As a young kid growing up in Milwaukee, I rarely saw elected leaders who looked like me or who understood the struggles of families like mine. Being raised in the heart of Milwaukee, I was no stranger to politicians leaving communities like mine behind.
But in 2004, I heard Barack Obama speak at the Democratic National Convention. Back then, hearing a state senator from Illinois with a funny name and a story like mine talking about the hope he had for this country made me feel inspired to make a difference too.
Years later, I became an organizer in my hometown, the place that made me who I am, working to bring good-paying jobs to Milwaukee. That journey eventually brought me to run for office too, first as a state lawmaker and then as Wisconsin’s Lieutenant Governor, so that I could continue fighting for families like mine and yours.
Like the vast majority of Wisconsinites, I don’t come from a wealthy or well-connected family. My parents’ union jobs gave us a ticket to the middle class. But under the out-of-touch policies of politicians like Ron Johnson, far too many Wisconsinites can’t get ahead no matter how hard they work.
That’s why I decided to run for the Senate—so that working people in Wisconsin have two senators looking out for them instead of just one.
For 12 long years, Ron Johnson has turned his back on working-class Wisconsinites and ignored the issues impacting the communities he was meant to serve. You don’t have to dig deep into Johnson’s record to see that he is all too willing to sell out Wisconsin workers, families, and Main Street businesses—so long as it helped him or his donors get ahead.
Johnson has repeatedly voted to cut taxes for the wealthiest Americans, including himself and his wealthy donors—including massive tax deductions for buying private planes.
He’s even voted to cut taxes for corporations that ship Wisconsin jobs out of state or overseas, refusing
to fight to keep 1,000 good-paying union jobs in his hometown.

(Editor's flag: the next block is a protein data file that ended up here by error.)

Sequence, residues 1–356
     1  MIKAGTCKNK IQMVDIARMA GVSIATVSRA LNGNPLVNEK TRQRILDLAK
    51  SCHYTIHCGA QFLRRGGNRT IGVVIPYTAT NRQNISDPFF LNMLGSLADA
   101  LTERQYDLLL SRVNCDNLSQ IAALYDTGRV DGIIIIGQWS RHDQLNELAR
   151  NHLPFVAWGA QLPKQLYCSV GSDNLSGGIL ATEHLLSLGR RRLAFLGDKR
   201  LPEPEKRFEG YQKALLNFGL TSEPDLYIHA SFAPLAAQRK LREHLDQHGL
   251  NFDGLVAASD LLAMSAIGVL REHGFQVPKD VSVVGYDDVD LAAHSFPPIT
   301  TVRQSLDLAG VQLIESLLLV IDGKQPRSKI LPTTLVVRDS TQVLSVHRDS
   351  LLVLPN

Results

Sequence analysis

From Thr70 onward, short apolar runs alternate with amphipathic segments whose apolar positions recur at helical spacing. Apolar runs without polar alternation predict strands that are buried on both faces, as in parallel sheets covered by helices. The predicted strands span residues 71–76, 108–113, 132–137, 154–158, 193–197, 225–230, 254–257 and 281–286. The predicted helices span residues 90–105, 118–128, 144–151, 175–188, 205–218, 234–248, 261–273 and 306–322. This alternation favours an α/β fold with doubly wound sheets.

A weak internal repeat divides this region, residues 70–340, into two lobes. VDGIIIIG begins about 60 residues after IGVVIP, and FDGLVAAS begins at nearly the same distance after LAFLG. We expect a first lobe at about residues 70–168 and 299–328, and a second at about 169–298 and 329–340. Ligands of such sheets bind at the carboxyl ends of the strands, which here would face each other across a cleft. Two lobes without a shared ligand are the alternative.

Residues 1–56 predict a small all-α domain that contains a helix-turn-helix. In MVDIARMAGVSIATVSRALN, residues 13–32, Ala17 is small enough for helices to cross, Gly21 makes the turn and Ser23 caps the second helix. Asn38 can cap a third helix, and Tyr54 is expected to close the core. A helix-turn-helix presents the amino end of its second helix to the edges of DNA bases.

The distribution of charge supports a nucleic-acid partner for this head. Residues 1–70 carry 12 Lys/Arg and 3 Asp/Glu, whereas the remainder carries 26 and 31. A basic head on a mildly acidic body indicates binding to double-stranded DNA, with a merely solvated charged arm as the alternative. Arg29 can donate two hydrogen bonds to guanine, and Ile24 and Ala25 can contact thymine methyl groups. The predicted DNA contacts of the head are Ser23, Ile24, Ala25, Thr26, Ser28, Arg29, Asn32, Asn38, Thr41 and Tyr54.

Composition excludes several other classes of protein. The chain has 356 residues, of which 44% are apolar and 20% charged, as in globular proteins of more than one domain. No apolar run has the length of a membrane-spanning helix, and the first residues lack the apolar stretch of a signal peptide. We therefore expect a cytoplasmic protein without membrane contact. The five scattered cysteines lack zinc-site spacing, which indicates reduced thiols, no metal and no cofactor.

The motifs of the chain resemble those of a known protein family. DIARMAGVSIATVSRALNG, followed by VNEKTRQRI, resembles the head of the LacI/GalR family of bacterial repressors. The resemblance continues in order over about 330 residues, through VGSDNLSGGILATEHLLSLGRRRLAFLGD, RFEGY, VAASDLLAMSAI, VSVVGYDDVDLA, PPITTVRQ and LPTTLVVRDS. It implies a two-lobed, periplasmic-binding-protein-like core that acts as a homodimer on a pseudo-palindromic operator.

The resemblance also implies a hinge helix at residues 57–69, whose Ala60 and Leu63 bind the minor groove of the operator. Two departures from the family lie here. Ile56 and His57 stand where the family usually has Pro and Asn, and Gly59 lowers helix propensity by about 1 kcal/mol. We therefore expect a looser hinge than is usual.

Johnson has also made it clear he doesn’t trust women to make their own health care decisions. He joined Republican colleagues in pushing a nationwide abortion ban, and he’s backed legislation that would outlaw abortion without exceptions for rape, incest, or the life of the mother. He even co-sponsored a bill that would have prosecuted the doctors who provide abortion.
And when he’s not telling people that they can leave Wisconsin if they can’t access health care or handing his donors millions in tax breaks, Johnson is advocating to put Social Security and Medicare on the chopping block, voting to raise the retirement age to 70, and suggesting that we “coax” seniors out of retirement altogether instead of letting them retire in security.
Time and again, Ron Johnson has shown us exactly who he is and who he’s fighting for—and it’s not us.
But Wisconsinites are ready to be represented by someone who shares our Wisconsin values, who understands our experiences, and who knows our struggles.
As your next senator, I’ll always put people before politics.
I’ll side with working people over big corporations. I’ll continue fighting to create more opportunity in every community, from good-paying union jobs to good schools.
I’ll defend our seniors’ hard-earned benefits, restore women’s bodily autonomy, and keep politicians out of the doctor’s office.
I’ll work with Senator Baldwin and Congresswoman Moore to lower costs for working Wisconsin families while ensuring that the wealthy pay their fair share.
See, this fight isn’t about Red or Blue, or Left or Right—it’s about who’s at the top and who’s consistently left at the bottom and left behind.
I know that Wisconsin is ready to change who we send to Washington—but I need your help.
Like every election in our state, this one is going to be close. If you haven’t voted yet, Tuesday is your last chance to make your voice heard and your last chance to help send a working-class champion to the U.S. Senate in 2023.
With your support, I know we can win the fight for freedom, for fairness, and for our future. So let’s make history and move this state forward, together.